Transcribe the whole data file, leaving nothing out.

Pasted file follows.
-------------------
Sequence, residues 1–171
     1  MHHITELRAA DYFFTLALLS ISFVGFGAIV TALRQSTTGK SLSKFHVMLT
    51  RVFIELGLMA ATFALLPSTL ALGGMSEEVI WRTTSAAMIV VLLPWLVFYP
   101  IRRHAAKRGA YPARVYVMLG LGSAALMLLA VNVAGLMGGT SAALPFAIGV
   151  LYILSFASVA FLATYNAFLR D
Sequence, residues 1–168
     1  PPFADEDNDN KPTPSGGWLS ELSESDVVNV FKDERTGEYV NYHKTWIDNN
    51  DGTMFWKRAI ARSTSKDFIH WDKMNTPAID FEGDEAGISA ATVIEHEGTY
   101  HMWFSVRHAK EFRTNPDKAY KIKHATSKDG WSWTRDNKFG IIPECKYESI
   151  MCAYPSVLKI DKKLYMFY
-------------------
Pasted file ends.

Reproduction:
Sequence, residues 1–171
     1  MHHITELRAA DYFFTLALLS ISFVGFGAIV TALRQSTTGK SLSKFHVMLT
    51  RVFIELGLMA ATFALLPSTL ALGGMSEEVI WRTTSAAMIV VLLPWLVFYP
   101  IRRHAAKRGA YPARVYVMLG LGSAALMLLA VNVAGLMGGT SAALPFAIGV
   151  LYILSFASVA FLATYNAFLR D
Sequence, residues 1–168
     1  PPFADEDNDN KPTPSGGWLS ELSESDVVNV FKDERTGEYV NYHKTWIDNN
    51  DGTMFWKRAI ARSTSKDFIH WDKMNTPAID FEGDEAGISA ATVIEHEGTY
   101  HMWFSVRHAK EFRTNPDKAY KIKHATSKDG WSWTRDNKFG IIPECKYESI
   151  MCAYPSVLKI DKKLYMFY